Brian: So, while it is great that there is some concern being given to practical things such as mobile-data use/cost, remember this: I don't know any analytics solution where the goal is to "show all of the data." Regardless of technical issues around timeouts or delivering too much data to the client/browser, most users don't need or want this. (Of course, if you *ask* customers if they want this, almost everyone will probably tell you do want "all the data" because they won't be convinced that you can possibly design for their needs and loss-aversion kicks in. This is a great example of why you have to be careful asking customers what they *want*.)

It's the product team's job to figure out the latent needs of users, and then to design solutions that satisfy those needs. Most customers don't know what they need until they see it.

What it sounds like overall is that the team is "guessing" that it is hard to focus, and they need to chop up data/results into sections that are more consumable. I don't know what that guess is based on, but it sounds like an assumption. Before writing any more code or designing any more UIs, I would first want to validate that this is actually a problem by doing some end-customer research to see where "too much unrelated data" got in the way of users successfully completing specific use cases/tasks that we gave them. Once that is done, the team can then evaluate specific improvement tactics such as a design using the "shopping-cart" idea.

Let me comment briefly on the shopping-cart as an aside. Generally speaking, the cart idea sounds potentially like "offloading choices onto users" and a crutch for not making a good default design decisions. I see this a lot. That said, with the little information we have, the tactic cannot be fairly judged.  My general rule around customization is that it can be great, but it should only come after you have designed some great defaults for users.  More often than not, customization comes up because teams do not want to spend the time to determine what the right default design should be and assumes that a customizable solution will solve everyone's problems. Remember: customers usually dont want to spend time tooling around in your product. You goal is to decrease customer tool time, and increase customer goal time.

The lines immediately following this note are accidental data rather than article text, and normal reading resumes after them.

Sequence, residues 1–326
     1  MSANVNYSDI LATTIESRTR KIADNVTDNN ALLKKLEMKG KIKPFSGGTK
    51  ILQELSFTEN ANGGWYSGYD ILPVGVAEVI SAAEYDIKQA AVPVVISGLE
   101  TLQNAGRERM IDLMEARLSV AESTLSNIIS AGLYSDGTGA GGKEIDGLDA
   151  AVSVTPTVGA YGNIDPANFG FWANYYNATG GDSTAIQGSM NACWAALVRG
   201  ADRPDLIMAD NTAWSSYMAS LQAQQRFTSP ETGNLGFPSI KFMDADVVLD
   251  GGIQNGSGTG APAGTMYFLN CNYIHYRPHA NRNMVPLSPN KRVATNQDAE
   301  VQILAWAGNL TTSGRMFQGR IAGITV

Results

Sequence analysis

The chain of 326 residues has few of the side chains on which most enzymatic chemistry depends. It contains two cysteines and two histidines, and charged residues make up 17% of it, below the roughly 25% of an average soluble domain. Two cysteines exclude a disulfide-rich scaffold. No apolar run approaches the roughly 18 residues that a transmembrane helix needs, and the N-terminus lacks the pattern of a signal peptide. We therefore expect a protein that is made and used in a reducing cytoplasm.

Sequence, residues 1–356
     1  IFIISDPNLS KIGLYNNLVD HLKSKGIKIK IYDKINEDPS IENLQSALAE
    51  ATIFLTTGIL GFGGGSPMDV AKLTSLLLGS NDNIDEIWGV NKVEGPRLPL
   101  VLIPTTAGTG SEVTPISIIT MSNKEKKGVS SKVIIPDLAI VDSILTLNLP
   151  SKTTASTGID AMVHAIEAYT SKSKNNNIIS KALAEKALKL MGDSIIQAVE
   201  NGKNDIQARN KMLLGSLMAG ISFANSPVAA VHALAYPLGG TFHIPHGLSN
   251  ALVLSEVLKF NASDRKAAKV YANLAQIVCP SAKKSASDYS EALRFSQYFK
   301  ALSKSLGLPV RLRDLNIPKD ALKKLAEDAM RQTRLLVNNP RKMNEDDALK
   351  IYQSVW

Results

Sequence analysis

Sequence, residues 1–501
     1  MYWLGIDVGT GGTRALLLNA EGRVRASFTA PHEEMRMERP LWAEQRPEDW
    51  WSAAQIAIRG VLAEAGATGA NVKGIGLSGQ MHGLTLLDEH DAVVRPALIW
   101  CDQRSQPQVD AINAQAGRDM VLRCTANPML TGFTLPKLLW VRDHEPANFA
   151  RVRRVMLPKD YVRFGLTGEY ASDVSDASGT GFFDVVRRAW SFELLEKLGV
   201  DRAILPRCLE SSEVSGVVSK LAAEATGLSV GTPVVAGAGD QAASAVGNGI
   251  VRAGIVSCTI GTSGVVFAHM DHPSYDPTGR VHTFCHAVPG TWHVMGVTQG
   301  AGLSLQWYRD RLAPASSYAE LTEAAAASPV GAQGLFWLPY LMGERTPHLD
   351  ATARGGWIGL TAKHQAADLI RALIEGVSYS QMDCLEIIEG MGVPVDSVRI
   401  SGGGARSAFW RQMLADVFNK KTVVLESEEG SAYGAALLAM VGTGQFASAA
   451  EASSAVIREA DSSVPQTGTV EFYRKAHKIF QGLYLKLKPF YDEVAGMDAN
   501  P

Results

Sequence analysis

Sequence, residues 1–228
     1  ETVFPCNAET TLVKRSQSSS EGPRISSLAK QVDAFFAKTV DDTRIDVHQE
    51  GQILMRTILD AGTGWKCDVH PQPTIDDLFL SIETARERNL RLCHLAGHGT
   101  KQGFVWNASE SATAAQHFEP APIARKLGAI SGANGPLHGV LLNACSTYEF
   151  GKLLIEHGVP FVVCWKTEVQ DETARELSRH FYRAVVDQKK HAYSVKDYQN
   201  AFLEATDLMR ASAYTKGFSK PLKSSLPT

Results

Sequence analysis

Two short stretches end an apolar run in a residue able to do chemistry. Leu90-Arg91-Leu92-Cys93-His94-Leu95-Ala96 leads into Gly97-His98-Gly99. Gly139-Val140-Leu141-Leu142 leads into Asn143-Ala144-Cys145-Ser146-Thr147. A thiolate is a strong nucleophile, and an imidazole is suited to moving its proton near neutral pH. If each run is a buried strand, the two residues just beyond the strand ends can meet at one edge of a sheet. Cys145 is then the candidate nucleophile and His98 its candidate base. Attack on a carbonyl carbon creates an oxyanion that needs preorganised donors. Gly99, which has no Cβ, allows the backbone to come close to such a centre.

Évans: "...we will try it [the cart, I assume?] eventually "

Brian: So, a decision to "try the cart eventually" brings up the concept of risk/reward and the role design can play in decreasing your product/solution's risk to your business (or to customers).

"Trying it" sounds quite a bit like guessing.  Instead of guessing, their team can reduce risk and inform their current state by having success criteria established up front, and measuring their current state of quality. This means running users through some benchmark tasks/use cases, and having some sort of basic "score." From there, they now have a baseline by which to later evaluate whether the new design with the "cart idea" improved the baseline or not. They can design the shopping cart idea out, and then run the same test/tasks against it with users to see if the cart idea is having the impact they want. For example, they might want to reduce task completion time by X% for a specific, high-frequency use case. They can time this task right now, and then time users doing the same test with mockups to see if the cart idea has merit and is decreasing the customer's time-to-completion.  The point here is that "improvement" is subjective...until your team makes it objective. 

Note that I also said they need to "design the [cart] idea out" and not "build the idea." Better design decreases risk. It may also save you time and money in the long run. You spend less time coding the wrong stuff, building the wrong architecture, and shipping out solutions that do not work well for users. These days, you can sometimes deploy code without much up-front design and "try it," but in my experience, it is very rare to remove features until a bunch of them constitute a large UX/UI mess. Additionally, many teams simply do not evaluate the impact of their latest features such that they can fairly define what "well" means. They just move on to the next feature because chances are, they already spent way more time just getting the first version of the last feature out, and the product owner is already concerned about the next thing in the backlog.

For larger projects/features like this cart idea–which I perceive to not be a trivial engineering effort–I would recommend de-risking this by at least doing some customer interviews. Doing 1x1 interviews will give some broad input that might inform the "cart" idea. It's not as good as having benchmarks and success criteria established, but that does take more effort to set up, and it may be such that the team is not ready to do this anyways. If they have never engaged with customers 1x1 before, I would suggest they take a smaller baby-step and just start having conversations.  Here's a recipe to follow:

Contact 5–8 end users, and set up some 1x1 60 to 90-minute video/screensharing conversations, and start to ask questions. If you aren't sure where to start with questions, spend 25% of the time asking the users to define their job/role/responsibility and how it relates to the product. Then spend the remaining time asking these questions: